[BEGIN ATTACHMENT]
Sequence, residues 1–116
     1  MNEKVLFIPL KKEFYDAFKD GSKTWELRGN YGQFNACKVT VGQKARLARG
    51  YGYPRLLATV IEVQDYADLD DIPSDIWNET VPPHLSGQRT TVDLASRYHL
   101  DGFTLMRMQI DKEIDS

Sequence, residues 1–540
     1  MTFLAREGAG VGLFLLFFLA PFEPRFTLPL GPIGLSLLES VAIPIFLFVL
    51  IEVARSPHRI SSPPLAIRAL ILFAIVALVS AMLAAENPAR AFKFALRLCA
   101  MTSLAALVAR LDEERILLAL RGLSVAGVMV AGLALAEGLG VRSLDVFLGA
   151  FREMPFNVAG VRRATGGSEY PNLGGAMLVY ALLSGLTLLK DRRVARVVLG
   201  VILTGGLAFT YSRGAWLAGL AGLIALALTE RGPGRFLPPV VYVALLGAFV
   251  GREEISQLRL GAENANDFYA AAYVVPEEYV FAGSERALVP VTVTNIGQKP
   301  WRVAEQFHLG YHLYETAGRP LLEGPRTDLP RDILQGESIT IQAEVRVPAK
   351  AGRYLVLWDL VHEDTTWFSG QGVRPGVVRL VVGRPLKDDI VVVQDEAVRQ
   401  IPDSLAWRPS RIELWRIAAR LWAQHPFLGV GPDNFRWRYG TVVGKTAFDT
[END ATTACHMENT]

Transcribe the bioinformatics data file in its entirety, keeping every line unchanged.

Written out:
Sequence, residues 1–116
     1  MNEKVLFIPL KKEFYDAFKD GSKTWELRGN YGQFNACKVT VGQKARLARG
    51  YGYPRLLATV IEVQDYADLD DIPSDIWNET VPPHLSGQRT TVDLASRYHL
   101  DGFTLMRMQI DKEIDS

Sequence, residues 1–540
     1  MTFLAREGAG VGLFLLFFLA PFEPRFTLPL GPIGLSLLES VAIPIFLFVL
    51  IEVARSPHRI SSPPLAIRAL ILFAIVALVS AMLAAENPAR AFKFALRLCA
   101  MTSLAALVAR LDEERILLAL RGLSVAGVMV AGLALAEGLG VRSLDVFLGA
   151  FREMPFNVAG VRRATGGSEY PNLGGAMLVY ALLSGLTLLK DRRVARVVLG
   201  VILTGGLAFT YSRGAWLAGL AGLIALALTE RGPGRFLPPV VYVALLGAFV
   251  GREEISQLRL GAENANDFYA AAYVVPEEYV FAGSERALVP VTVTNIGQKP
   301  WRVAEQFHLG YHLYETAGRP LLEGPRTDLP RDILQGESIT IQAEVRVPAK
   351  AGRYLVLWDL VHEDTTWFSG QGVRPGVVRL VVGRPLKDDI VVVQDEAVRQ
   401  IPDSLAWRPS RIELWRIAAR LWAQHPFLGV GPDNFRWRYG TVVGKTAFDT